Movie Colony East

Another neighborhood filled with Hollywood history, Movie Colony East is a mid-century wonderland filled with grand homes by famous architects E. Stewart William, Donald Wexler, Albert Frey, and others. In these beautiful homes lived stars that included Dorothy Lamour, Clara Bow, Bob Hope, and Frank Sinatra. This neighborhood also provides artist Kenny Irwin with an internationally recognized “RoboLights” exhibition- a robot-themed multimedia sculpture garden and light show – enjoyed by tens of thousands of strolling visitors each December.

Oasis Del Sol

Located between Farell Drive and Sunrise Way, this neighborhood is perfectly centered for easy access to the Airport and not far from the bustling, unique downtown. Oasis Del Sol is filled with great single-family homes and great businesses, making this neighborhood comfortable for residents and visitors alike.

Old Las Palmas

Old Las Palmas has approximately 290 detached homes at the base of Mount San Jacinto. This neighborhood’s homes reflect virtually every Palm Springs development period: old Spanish, Western, midcentury, contemporary, and postmodern construction. Notable residents in this community include Judy Harland, Lucille Ball and Desi Arnaz, Leonardo DiCaprio, Kirk Douglas, and so many more. Then and now, ownership of A-listers was so prevalent that every property can claim a Hollywood connection.

Parkview Mobile Estates

Parkview Mobile Estates is a distinguished, attractive, affordable, well-situated, 55-and-older community brimming with character. Parkview differs from most mobile home parks with a unique grouping of different styles.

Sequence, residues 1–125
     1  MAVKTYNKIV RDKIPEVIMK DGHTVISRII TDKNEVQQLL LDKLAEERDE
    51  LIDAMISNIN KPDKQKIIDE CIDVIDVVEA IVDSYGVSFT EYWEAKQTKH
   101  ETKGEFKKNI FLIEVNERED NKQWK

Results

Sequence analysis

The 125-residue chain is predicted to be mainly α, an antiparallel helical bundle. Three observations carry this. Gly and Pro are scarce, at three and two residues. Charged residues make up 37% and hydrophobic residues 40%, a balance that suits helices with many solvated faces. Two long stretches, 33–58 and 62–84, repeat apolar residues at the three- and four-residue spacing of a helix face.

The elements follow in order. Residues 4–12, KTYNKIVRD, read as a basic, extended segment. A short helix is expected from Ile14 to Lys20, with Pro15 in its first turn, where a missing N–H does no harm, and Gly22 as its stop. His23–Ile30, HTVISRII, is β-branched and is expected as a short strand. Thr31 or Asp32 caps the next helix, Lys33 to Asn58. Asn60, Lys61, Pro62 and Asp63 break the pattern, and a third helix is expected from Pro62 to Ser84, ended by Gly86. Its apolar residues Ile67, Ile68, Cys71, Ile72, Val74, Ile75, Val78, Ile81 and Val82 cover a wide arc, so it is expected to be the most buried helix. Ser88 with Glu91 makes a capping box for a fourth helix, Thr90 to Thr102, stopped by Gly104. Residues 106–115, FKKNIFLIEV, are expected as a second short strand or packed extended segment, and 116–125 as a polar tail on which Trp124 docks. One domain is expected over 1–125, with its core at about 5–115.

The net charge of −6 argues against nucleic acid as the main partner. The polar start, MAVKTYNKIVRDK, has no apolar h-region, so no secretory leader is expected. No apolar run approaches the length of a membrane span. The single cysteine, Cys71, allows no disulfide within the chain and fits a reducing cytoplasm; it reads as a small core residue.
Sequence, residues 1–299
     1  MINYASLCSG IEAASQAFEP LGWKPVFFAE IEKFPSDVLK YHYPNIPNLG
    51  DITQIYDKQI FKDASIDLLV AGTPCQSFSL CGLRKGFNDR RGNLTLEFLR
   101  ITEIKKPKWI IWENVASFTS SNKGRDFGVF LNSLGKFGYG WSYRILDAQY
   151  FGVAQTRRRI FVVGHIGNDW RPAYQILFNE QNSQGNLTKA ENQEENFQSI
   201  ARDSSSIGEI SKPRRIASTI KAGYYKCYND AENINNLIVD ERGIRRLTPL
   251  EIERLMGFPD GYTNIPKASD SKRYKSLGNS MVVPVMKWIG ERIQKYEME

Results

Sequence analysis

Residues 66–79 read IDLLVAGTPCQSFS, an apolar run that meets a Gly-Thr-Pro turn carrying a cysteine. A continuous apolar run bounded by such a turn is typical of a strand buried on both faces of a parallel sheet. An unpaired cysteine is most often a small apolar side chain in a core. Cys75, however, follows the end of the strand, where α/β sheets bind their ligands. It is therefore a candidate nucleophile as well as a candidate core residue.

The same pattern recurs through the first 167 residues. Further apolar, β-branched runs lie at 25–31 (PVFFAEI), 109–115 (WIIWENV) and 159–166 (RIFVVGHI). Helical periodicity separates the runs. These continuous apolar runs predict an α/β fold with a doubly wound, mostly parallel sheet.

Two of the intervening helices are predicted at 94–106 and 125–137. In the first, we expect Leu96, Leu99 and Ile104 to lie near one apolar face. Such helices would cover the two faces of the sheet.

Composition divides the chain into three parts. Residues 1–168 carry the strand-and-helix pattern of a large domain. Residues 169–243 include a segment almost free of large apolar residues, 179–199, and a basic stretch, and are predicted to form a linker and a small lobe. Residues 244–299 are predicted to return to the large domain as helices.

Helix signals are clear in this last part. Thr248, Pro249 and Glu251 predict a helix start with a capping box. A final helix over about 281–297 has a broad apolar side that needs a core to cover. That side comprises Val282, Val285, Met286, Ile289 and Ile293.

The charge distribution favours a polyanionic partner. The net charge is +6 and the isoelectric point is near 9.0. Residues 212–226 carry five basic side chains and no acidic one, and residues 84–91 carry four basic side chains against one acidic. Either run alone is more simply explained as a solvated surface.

Racquet Club Estates

This neighborhood is known for its style. Featuring post-and-beam construction, soaring rooflines, clerestory windows, open floor plans, and blurred lines separating outdoors and in, the vast majority of the 500-plus single-family homes are iconic midcentury designs by architects William Krisel, Jack Meiselman, and Donald Wexler. Wexler pioneered the strikingly original ‘steel homes’ that introduced prefabricated, steel-and-glass construction of affordable housing explicitly created for the desert and is seen prolifically in this neighborhood.

Racquet Club West

Racquet Club West is prized for its large lots and range of architectural styles. The 460 households include family homes and sizable estates, modest apartments, and luxury condos. Many of these were designed by renowned midcentury architects, and none are very far from Hollywood’s hollowed ground in the desert. The neighborhood also incorporates the famous Racquet Club, where many Hollywood stars frequented to play tennis and lounge around the pool.

Ranch Club Estates

300 beautiful midcentury homes are situated around what was the Ranch Club, the largest and most popular social club in Palm Springs during the 1950s. Designed by architect Hugh Kaptur, the homes are all low set, with gently sloped roofs, post-and-beam construction, and insulated ceilings.

San Rafael

Sonora Sunrise

This neighborhood successfully combines a relaxing desert ambiance with classic Palm Springs cool. Scenic bike routes and hiking trails nearly surround Sonora Sunrise. It also is home to the Purple Room at the Hotel Trinidad, where Frank Sinatra and the Rat Pack used to host.